I know what Microsoft wants. I know because I have been exploring its new operating system, Vista, which was released last week after five years of false starts, persistent bugs and great expectations. I also know because after spending three weeks building a computer from scratch to test out Vista, piecing the PC together from parts bought online, I want the same thing. What we want is to eliminate the PC altogether, to dismantle that box of green circuit boards and crammed-in wires, to break through even the most glorious flat-screen monitor and open up a new … vista.
That’s why the operating system has its name, of course, and why the screen images it includes show exotic landscapes with skies lit by sunset or sunrise or aurora borealis displays.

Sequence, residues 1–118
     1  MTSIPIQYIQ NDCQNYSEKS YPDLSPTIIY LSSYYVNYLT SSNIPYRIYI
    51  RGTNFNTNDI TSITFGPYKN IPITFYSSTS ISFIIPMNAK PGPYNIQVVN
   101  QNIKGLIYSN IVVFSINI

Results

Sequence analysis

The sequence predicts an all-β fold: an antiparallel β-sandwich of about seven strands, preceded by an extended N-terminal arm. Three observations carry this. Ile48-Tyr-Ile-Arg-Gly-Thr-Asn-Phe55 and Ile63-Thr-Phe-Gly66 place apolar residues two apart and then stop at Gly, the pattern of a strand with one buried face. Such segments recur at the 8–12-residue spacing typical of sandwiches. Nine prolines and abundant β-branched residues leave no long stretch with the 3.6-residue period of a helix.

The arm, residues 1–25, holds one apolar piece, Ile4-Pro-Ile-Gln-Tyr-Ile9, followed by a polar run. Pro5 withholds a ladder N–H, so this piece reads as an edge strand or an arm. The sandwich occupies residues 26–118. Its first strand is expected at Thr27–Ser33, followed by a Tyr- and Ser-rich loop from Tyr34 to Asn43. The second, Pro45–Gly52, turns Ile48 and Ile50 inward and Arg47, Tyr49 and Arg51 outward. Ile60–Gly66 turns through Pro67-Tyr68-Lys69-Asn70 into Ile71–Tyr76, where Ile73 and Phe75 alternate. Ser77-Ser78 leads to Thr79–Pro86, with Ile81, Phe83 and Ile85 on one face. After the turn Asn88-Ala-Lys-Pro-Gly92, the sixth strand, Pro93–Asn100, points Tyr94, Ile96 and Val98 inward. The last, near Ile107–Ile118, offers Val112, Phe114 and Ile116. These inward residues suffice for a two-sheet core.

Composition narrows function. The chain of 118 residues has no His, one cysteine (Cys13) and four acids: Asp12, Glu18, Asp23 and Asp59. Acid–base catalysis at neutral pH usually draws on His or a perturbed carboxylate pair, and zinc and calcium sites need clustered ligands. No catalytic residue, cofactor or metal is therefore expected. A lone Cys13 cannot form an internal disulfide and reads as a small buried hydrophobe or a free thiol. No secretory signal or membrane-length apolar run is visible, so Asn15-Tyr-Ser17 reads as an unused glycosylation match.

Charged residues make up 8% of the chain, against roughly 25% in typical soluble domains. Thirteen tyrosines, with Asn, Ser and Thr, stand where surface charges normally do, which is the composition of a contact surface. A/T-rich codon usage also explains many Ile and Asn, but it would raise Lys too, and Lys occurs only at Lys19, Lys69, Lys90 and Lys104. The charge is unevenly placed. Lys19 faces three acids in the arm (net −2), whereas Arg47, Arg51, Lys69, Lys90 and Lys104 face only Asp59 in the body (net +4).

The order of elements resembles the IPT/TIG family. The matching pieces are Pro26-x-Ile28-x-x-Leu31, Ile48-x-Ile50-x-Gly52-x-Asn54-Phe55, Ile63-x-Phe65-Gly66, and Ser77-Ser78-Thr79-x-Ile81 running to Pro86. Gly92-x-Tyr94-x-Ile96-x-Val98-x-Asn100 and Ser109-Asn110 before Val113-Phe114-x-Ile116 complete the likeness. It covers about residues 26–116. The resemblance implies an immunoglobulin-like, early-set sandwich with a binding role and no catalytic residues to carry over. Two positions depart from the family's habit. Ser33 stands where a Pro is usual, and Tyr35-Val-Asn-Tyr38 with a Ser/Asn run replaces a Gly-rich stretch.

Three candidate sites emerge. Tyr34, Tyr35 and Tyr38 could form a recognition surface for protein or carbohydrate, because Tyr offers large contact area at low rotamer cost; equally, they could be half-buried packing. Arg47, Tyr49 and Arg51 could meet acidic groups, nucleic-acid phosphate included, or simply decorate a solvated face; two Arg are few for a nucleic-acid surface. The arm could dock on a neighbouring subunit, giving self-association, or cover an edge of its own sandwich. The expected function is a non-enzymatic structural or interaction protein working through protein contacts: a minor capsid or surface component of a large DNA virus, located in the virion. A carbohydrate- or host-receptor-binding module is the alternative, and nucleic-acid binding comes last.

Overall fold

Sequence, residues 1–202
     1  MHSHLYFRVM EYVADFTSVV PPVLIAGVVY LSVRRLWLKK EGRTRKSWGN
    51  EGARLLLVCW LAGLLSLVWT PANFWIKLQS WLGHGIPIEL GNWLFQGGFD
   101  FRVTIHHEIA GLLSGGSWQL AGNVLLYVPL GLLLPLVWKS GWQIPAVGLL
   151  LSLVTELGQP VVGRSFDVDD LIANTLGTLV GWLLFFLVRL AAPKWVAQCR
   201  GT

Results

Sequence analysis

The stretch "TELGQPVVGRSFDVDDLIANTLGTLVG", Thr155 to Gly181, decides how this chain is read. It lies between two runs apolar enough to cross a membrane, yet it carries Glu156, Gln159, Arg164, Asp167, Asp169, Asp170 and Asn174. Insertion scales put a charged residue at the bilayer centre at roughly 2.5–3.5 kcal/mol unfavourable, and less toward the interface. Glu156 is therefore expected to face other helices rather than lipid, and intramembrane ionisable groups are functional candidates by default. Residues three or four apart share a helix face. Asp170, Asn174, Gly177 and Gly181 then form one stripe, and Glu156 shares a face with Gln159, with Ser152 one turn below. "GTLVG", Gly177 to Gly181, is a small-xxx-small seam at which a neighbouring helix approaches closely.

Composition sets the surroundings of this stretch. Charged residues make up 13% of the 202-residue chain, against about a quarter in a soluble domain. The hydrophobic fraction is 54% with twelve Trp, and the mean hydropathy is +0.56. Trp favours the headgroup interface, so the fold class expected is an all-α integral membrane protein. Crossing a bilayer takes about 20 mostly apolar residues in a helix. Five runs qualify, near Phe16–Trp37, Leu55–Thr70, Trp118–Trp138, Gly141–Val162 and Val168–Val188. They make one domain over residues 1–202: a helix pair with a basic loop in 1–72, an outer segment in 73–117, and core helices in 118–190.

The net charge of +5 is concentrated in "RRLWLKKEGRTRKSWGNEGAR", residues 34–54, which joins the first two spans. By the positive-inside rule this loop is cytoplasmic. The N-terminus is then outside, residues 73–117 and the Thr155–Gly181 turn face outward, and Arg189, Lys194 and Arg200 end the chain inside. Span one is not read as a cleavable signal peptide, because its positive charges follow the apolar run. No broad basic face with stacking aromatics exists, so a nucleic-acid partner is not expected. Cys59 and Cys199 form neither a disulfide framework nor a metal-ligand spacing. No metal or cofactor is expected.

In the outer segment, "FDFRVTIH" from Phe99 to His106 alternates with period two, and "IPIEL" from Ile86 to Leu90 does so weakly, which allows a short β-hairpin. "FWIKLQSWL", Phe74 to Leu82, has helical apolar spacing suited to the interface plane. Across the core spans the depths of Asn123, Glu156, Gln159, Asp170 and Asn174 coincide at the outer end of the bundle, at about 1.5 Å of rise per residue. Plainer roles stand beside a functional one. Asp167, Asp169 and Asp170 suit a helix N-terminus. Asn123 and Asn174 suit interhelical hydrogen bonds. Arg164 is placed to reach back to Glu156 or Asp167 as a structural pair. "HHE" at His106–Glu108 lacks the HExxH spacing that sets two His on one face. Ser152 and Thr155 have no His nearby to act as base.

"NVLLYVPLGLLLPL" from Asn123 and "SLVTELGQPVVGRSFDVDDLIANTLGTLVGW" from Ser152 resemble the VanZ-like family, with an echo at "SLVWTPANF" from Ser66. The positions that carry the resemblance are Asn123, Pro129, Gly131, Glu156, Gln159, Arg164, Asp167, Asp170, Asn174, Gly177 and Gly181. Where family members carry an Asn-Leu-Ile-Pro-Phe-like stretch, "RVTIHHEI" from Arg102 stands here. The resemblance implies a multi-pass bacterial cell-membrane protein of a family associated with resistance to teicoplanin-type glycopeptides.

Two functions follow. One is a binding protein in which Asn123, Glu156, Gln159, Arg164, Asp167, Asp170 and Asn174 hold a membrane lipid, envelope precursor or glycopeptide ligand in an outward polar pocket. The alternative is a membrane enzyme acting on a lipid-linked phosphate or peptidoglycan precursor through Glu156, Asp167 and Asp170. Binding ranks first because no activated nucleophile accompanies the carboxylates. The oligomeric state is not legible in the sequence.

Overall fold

. . .
Apple had it easy: it kept its PC box closed, maintaining control over the hardware so it would perfectly suit its software. But Microsoft faced hundreds of thousands of boards, drives and chips like those I had spread out before me a few weeks ago, all of differing technological vintages, made by hundreds of companies with wildly different goals. Microsoft has taken these objects, along with the many thousands of PC programs now sold, and tried to create a system that would overlook their dizzying differences, bind them to a coherent vision and force them, in all their variety, to leave techne behind for the uncharted possibilities of magic.
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(Note: ellipsis added.)